Friday, March 29, 2013

Things People Shouldn't Say to Someone Who Has Chronic Pain

Upset Business Man
If you stumbled upon this blog, you probably are dealing with some type of chronic pain or illness.  Many people don't understand or fully comprehend the pain that we go through on a daily basis.  Most people with chronic pain have altered our lives to accommodate the our pain.  Chronic pain is referred to as pain that is felt on a daily basis for 6 months or longer and it lasts longer than the normal time that it should take for your body to heal.

Disclosure:  This post is for informational purposes only and the statements in this post were problems that I encountered or heard about.  

I have dealt with my chronic pain for almost 4 years now and it steadily seems to increase.  The things I used to be able to do are now a long distant memory, including working at my former job.  I wasn't one to always discuss my issues with chronic pain in the workplace and always did my job to the best of my ability.  On bad days, I would either take my heating pad or ice pack to work.  

If you choose to share your journey you can expect to hear phrases such as:
  • I understand I had x issue before.
  • I can related to your pain.
  • You don't look sick or like your in pain.
  • They might not treat you the same as they did before.
  • Don't understand your problem because you don't look sick or like you are in pain all the time.
  • You seem to be coping well.
  • They begin asking questions to determine if I am really in pain or if I just don't want to do something that day.  It is very rude and it's not their job question me when I tell you I am in pain because when I say I am in pain I really am.
  • When my doctor or I tell you that I can't do a particular task due to my limitations don't expect me to come tell you every moment I can't do something.  I wouldn't have taken the time to go to the hassle of getting my doctor to say I couldn't do something if I could do it without pain.
  • Never lecture me about my pain and my treatment.
  • Never encourage me to exercise or do other things to take my mind of the pain.
  • Never tell me to just deal with it.
  • Don't suggest alternative treatments, you don't really know my condition and you aren't a doctor.
  • Accept me for who I am.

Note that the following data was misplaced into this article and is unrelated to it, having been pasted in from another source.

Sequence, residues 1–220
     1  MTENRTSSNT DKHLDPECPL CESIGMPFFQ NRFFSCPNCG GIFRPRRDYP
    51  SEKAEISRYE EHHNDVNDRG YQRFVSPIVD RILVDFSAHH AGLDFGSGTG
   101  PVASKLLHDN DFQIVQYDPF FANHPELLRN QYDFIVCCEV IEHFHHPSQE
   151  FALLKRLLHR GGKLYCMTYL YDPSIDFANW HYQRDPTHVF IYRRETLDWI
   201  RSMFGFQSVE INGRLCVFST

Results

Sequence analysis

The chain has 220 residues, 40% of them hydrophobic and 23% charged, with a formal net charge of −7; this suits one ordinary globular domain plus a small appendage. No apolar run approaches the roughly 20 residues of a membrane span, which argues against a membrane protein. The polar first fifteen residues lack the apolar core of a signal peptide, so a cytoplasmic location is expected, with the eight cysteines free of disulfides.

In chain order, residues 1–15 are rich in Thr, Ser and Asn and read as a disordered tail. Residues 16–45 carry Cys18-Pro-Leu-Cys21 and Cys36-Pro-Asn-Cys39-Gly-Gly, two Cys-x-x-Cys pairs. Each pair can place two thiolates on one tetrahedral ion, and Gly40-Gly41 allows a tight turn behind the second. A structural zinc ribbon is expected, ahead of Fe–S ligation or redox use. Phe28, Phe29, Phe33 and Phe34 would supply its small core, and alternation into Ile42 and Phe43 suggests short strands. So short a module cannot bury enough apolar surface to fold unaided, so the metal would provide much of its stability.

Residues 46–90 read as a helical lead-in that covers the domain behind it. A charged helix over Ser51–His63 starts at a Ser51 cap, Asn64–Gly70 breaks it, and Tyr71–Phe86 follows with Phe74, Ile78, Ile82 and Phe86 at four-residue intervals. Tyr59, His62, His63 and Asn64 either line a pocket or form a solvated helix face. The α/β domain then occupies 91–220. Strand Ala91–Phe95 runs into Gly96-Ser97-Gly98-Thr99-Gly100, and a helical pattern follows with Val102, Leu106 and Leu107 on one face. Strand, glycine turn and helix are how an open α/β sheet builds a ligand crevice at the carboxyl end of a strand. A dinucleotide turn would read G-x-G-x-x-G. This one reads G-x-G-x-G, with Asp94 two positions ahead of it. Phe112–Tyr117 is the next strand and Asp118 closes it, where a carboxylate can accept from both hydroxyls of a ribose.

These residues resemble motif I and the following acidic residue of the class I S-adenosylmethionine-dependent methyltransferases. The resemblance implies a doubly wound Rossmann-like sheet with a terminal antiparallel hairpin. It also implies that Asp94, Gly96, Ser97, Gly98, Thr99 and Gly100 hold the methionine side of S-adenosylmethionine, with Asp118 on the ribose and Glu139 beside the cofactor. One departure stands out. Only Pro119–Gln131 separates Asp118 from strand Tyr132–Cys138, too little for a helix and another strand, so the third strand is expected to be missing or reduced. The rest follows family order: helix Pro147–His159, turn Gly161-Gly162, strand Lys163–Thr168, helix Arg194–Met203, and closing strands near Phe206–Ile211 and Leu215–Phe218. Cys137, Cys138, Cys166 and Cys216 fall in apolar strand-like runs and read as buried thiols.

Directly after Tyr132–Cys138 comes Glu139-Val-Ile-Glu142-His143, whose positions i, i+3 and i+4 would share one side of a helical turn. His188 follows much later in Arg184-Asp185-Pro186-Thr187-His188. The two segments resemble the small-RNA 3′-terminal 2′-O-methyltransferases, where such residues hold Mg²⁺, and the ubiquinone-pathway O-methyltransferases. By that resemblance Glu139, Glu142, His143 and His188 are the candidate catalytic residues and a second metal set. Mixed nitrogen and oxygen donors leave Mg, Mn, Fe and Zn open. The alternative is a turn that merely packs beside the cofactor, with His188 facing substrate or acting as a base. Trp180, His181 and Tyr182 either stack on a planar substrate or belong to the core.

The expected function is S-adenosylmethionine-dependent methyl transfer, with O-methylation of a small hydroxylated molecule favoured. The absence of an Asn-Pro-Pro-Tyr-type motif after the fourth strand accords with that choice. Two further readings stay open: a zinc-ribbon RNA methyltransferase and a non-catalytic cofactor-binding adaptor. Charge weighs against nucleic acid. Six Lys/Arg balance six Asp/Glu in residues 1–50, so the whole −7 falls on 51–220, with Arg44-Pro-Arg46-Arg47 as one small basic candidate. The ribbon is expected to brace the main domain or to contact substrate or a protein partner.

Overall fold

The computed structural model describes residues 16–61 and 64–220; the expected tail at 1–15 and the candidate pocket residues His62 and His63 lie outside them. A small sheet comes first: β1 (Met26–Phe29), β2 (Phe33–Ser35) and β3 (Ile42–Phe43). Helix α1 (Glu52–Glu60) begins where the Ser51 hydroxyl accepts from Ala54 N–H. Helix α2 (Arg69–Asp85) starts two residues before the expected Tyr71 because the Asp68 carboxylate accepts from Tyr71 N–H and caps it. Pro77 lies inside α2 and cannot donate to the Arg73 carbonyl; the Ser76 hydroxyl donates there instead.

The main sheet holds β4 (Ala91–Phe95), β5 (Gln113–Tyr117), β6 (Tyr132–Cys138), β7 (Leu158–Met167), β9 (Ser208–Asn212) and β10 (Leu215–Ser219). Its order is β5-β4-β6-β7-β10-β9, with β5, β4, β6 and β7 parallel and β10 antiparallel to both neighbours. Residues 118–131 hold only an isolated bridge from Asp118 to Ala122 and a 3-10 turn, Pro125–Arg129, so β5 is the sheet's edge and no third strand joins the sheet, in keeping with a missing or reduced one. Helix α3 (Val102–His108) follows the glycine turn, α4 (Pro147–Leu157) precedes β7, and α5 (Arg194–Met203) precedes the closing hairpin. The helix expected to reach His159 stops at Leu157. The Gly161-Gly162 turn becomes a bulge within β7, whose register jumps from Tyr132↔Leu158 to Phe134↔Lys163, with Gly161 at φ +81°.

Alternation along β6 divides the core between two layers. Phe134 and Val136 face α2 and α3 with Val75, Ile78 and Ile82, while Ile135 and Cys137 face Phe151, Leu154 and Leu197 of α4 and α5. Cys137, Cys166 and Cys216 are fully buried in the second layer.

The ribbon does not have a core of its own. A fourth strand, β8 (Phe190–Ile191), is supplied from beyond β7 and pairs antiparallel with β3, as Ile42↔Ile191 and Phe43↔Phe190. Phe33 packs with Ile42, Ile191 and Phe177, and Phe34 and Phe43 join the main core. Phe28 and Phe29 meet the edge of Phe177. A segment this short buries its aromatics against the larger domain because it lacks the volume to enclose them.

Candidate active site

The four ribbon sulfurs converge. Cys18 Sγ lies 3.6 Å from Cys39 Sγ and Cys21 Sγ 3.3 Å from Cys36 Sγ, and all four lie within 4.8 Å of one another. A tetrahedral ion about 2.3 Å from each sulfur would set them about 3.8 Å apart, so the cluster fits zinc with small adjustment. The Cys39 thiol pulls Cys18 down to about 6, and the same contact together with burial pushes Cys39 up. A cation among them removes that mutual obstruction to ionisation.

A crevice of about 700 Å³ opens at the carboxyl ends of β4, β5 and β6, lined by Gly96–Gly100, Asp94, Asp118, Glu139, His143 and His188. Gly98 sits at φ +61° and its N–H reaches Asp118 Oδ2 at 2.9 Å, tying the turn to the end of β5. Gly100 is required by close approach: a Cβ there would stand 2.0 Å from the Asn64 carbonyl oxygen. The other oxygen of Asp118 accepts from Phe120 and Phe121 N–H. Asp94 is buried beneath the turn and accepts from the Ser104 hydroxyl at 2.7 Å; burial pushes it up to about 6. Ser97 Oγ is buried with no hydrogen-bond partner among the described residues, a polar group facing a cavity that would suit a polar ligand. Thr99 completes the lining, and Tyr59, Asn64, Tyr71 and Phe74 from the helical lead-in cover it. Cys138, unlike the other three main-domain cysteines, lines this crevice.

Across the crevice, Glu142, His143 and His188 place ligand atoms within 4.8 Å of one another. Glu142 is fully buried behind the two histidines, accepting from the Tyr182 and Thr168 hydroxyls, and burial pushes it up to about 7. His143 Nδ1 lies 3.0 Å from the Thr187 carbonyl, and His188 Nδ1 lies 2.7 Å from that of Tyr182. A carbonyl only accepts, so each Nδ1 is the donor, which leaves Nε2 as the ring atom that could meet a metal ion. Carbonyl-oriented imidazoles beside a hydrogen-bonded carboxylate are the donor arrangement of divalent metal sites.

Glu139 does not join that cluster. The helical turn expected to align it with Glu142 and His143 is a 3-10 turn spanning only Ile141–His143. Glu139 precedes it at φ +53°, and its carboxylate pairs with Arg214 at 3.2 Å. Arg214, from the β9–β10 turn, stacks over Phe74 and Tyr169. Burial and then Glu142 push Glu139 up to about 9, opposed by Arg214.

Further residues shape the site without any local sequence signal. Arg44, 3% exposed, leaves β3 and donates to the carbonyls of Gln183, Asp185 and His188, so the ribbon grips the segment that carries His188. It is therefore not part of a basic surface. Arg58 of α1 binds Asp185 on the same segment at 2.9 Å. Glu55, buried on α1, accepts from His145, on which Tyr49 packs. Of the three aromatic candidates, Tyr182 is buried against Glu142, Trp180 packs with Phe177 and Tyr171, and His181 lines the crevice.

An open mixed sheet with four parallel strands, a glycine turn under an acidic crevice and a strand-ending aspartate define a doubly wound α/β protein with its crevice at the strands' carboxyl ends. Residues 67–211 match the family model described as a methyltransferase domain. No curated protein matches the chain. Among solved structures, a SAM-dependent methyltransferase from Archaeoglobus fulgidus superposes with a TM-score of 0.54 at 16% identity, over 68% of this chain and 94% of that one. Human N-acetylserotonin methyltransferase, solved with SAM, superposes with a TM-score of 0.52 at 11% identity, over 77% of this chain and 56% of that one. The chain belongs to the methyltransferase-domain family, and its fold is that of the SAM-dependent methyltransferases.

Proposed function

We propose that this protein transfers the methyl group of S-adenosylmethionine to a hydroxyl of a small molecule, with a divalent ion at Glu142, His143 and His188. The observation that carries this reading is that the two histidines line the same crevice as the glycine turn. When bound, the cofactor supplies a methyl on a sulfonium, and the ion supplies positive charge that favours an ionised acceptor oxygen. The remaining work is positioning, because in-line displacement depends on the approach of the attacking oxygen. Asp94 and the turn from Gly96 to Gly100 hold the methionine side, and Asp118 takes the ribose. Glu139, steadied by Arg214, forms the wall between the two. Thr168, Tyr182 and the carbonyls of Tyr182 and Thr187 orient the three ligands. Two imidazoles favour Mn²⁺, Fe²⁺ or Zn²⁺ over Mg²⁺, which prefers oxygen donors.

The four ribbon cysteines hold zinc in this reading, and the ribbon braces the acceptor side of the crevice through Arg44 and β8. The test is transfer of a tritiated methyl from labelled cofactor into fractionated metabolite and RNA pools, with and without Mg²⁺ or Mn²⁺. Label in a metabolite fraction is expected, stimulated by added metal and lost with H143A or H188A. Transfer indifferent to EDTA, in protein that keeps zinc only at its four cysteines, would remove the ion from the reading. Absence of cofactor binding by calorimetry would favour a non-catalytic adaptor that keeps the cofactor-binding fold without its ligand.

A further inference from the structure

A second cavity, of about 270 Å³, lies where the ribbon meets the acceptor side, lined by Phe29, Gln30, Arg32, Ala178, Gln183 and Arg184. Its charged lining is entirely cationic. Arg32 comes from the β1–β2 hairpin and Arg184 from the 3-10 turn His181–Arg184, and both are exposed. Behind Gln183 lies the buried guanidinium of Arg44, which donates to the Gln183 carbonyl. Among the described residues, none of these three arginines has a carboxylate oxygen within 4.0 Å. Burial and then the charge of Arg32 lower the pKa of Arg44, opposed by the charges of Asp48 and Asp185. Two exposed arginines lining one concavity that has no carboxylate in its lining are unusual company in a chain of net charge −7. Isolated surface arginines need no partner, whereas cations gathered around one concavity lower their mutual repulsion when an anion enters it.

• If I seem moody or touchy about talking about my pain, it is because I am.  I am trying to live as close to normal of a life as possible.
  • I am sure that I have missed some things that you might be hear from those who don't understand what chronic pain suffers go through on a daily basis.
What has someone said to you that has struck a nerve or annoyed you?

Join in the conversation with me on TwitterFacebookPinterest, and G+.

Thursday, March 28, 2013

A Car Accident Left Me With Long Term Low Back Pain

Car Accident
I created this blog to share my journey and struggles that relate to my journey with chronic low back pain.  My pain initially started in 1998, when I was involved in a car accident.  I sought treatment a few hours after the accident.  My x-rays should some mild trauma,  typically, known as whiplash.  Whiplash is normal after an car accident and with treatment most people can return to a normal life.  I  initially sought treatment from a chiropractor.  After I completed treatment with the chiropractor, I still noticed symptoms in my lower back and  I was then referred to an orthopedic doctor.  He sent me for an MRI.  My MRI didn't show any problems with the discs in my back and he released me after several rounds of cortisone shots.  He told me, "that I was young and that my back pain would go away."

In the summer of 2009, I was working on the yard and somehow flared up my back again.  I was in agonizing pain and was taking over the counter medications for the pain.  I decided that I needed to get my back checked out since it has been over 10 years since my initial injury.  This was when my real problems started.  The doctors put me on several medications to help reduce the pain and inflammation.  This helped somewhat but it didn't fix the root cause.  I had several MRI's, CT Scans, and a discogram before doctors determined that I had a problem with my disc at L5-S1 and slight abnormalities with L3-L4.  

The one thing that I learned getting to the bottom of my low back problems is to never let doctors discount what you are feeling and to press them to figure out what is wrong.  If I know what I know now, I wouldn't have let the first doctor get away with his lack of treatment and telling me that I was young and would heal.  WRONG!  

Trust and listen to your body, after all, you are the one who is suffering and in pain.